This guest post is part of the Good Ways blog series, a collection of stories and practices for finding God in hardship.

Evidence of my life’s work thus far is everywhere. As I enter my house, to the right is a bookshelf filled with titles like “The Joy of Science,” “Greek Myths,” lectures on “The Great American Musical,” and numerous history titles. In the living room, my shelf holds Greek plays, “My Antonia,” “Frankenstein,” and works on both world wars. My kids and I dove deep in that well together and drank it all in. We splashed around and luxuriated in our books and learning experiences. There are many volumes there waiting with promise for us to delve into as well. Books waited for our attention—that I bought with every intention of reading, but never got around to. The books are intoxicating. I want to read all of them. I want to live for a while in their pages and swim in their ideas. 

If I go into our attic and look at the books there, they outline a history of our education—my kids’ education and the one I received while teaching them over sixteen years of homeschooling. There is richness there. I have read beyond what I believed myself capable of. I have facilitated the learning of history, English, Biology, Chemistry, Algebra, and more, and in the process have deepened my own knowledge. I have built a culture of sharing knowledge. I love this world, particularly when it just is…a world of learning because learning is our job. I love seeing connections being made and those “Eureka!” moments. I love when one of us is so excited about a discovery that the words just tumble out on top of themselves. And I love when one path of learning leads to another and we can keep following those new paths until we hardly remember how we got there. Of course, there were times of slogging, times that were less joyful, but it was deep, meaningful work for me.

Starting in 2012, I started reaching the end of this iteration of the job. My oldest had begun her university studies. And because my kids are close in age, all three had begun college by 2015. The pieces of my life felt loose—as if someone has taken my 1000 piece puzzle, disassembled it, magically changed the shape of the pieces, and handed it back. Most of it needed to be remade. I wanted to make a plan. I wanted to know what was next. How will I use my skills to be of use in the world? How will I structure my days? What is my five year plan? At this point, I couldn’t begin to imagine it. I didn’t know how to make this transition. Change is uncomfortable and nearly everything about my days is changing.

Some of my friends speculated that I just couldn’t let go of my kids. Honestly, there was some normal needing to let go of grown kids. But layered on that was a sense of grief and loss. I told my husband, “You are just reaching your stride in your career…just getting really good at the work you feel called to, and able to let go of the things you are not good at and should let others do.” For me, at that same moment in my life, I have worked myself out of the job I love and am skilled at. I am grieving that loss. And I am anxious to see if my work will truly measure up. Will my kids have the tools they need to succeed in university, or will they come back to me and tell me I have not prepared them? A book I read at the time suggested that in a healthy transition, we both grieve what we are losing and embrace new possibilities. I had the grieving part down, though I felt embarrassed at my emotions. What was harder was seeing the possibilities.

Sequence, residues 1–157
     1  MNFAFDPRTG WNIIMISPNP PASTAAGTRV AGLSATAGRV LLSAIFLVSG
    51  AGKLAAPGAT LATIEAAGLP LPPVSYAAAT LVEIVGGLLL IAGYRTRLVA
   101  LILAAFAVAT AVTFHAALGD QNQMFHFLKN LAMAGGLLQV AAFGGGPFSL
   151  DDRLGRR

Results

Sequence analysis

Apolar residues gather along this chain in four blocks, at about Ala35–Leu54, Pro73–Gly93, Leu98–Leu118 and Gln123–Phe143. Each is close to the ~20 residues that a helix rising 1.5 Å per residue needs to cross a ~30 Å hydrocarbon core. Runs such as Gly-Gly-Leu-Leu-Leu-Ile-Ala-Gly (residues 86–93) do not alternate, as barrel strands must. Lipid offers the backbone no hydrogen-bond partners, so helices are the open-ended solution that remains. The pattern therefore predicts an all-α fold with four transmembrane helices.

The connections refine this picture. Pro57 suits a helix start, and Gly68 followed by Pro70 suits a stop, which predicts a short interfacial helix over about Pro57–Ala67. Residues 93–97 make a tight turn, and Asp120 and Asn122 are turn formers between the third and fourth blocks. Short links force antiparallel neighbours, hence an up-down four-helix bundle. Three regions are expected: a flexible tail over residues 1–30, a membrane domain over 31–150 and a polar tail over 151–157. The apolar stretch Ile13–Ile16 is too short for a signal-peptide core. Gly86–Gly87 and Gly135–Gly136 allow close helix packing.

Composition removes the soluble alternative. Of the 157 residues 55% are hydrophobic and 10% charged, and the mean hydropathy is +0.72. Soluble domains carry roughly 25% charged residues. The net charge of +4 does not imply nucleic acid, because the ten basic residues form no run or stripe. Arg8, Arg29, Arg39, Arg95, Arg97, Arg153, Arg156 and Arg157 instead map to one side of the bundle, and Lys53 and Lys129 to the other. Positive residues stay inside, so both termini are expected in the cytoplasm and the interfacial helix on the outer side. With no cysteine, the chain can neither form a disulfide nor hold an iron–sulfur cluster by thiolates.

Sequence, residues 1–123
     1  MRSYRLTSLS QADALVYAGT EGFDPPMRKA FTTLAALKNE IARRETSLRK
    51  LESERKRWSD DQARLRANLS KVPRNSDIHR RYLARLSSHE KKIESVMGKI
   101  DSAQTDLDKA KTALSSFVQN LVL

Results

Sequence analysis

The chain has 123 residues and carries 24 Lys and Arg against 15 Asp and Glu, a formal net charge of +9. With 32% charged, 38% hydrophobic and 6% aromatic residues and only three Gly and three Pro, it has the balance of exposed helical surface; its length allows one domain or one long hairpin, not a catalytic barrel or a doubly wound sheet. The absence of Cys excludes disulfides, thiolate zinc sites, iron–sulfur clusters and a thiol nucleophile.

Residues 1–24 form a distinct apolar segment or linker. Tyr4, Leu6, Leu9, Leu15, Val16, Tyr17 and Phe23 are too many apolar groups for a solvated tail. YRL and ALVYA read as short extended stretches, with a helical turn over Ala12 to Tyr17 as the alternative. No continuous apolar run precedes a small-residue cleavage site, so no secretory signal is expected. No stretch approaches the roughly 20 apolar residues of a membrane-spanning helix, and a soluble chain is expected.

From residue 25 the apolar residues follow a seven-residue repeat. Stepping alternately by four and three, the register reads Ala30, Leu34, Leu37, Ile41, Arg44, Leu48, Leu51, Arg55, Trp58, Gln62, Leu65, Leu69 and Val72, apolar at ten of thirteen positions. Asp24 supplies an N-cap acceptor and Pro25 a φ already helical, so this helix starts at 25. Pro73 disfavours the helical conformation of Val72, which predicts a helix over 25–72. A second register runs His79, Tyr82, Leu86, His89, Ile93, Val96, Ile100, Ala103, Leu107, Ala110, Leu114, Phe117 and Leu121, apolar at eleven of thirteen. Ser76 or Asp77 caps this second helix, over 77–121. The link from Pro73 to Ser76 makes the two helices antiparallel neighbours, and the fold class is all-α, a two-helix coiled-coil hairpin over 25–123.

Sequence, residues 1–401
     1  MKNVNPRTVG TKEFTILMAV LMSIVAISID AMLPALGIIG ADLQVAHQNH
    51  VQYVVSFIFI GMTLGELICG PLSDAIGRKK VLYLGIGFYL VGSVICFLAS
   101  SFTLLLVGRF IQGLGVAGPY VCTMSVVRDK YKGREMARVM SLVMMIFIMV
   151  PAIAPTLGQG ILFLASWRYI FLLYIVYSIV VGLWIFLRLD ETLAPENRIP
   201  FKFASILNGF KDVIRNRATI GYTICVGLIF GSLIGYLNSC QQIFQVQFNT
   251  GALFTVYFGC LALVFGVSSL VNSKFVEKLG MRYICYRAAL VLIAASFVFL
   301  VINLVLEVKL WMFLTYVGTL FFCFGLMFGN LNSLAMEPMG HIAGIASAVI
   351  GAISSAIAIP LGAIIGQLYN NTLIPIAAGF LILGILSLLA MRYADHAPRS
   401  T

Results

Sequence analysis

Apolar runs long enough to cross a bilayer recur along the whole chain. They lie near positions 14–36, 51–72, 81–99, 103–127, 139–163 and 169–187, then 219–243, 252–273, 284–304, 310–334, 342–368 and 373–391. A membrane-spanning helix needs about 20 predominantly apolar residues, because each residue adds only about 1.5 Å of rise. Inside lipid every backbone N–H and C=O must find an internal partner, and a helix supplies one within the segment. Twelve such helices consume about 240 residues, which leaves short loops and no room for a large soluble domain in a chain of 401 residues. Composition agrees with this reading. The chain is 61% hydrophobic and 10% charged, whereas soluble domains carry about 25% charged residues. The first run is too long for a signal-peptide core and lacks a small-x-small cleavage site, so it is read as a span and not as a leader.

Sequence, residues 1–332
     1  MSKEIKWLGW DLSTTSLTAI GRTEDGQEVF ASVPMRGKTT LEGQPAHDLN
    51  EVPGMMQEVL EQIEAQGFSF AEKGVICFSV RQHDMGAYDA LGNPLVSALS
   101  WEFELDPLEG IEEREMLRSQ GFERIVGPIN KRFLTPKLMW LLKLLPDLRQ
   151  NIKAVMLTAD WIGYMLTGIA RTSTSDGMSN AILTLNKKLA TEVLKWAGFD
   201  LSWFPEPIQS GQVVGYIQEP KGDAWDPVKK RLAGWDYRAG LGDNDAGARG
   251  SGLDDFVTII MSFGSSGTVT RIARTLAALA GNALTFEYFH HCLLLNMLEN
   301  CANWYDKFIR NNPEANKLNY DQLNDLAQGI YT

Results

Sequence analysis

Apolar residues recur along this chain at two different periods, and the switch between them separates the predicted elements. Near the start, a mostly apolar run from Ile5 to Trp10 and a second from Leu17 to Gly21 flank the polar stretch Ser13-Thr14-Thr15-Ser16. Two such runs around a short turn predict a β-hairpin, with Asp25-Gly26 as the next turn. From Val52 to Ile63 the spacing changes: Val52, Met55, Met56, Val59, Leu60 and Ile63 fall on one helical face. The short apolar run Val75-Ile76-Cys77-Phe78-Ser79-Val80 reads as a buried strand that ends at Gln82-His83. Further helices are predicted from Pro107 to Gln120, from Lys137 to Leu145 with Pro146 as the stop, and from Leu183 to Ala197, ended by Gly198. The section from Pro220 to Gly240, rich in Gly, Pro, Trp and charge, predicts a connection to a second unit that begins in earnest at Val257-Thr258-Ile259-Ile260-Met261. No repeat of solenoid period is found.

With my mix of grief and anxiety, I could not formulate a plan. In the middle of this period, I had a spiritual direction session with a mentor. One of the things she said was “faith is being sure of what we hope for. What are your hopes?” She encouraged me to make a box of my hopes filled with images of my ideas, hopes and longings.  When I got home I found a sparkly gold hexagonal box among my things. On the lid, I glued a strip of paper that said “Faith is being sure of what we hope for and certain of what we do not see.” I gathered pretty paper scraps and cut them in the same shape as the box. Each morning I wrote a hope on a hexagon of beautiful paper, praying to inhabit those longings. As I did, I realized that most of my hopes had to do with who I wanted to become and the kinds of relationships I had with others. Who do you want to be? That is a question I could answer. And it was something I could live towards immediately. Here were things I could imagine: “I want to enjoy a vibrant relationship with Mark in this next phase of life,” “I want to keep learning,” “I want to live simply and beautifully, enjoying what I have,” or “I want to appropriately love and support my children at this stage in their life,” “I want to live towards compassion and justice.”  Slowly, I began to see ways to move towards the hopes God had placed in me. I could see the possibilities.

This practice helped me to breathe more freely, to relax in to waiting for the answer to “What will I do?” to begin to work itself out. Frankly, if you asked me what I will do at this stage in life, I still don’t have a plan or a long term answer. I am saying yes to projects that fit with who I want to become in the world, trusting that the “what I will do” will continue to emerge from that.

Lisa Scandrette loves creating with her hands, connecting with neighbors near and far, and beautiful stories. She lives with and enjoys adventuring with her husband Mark and is enjoying every day that their three adult kids still live with them in their little Victorian in the Mission District of San Francisco. Together, Mark and Lisa are co-authors of Belonging and Becoming: Creating a Thriving Family Culture and Free: Spending Your Time and Money on What Matters Most.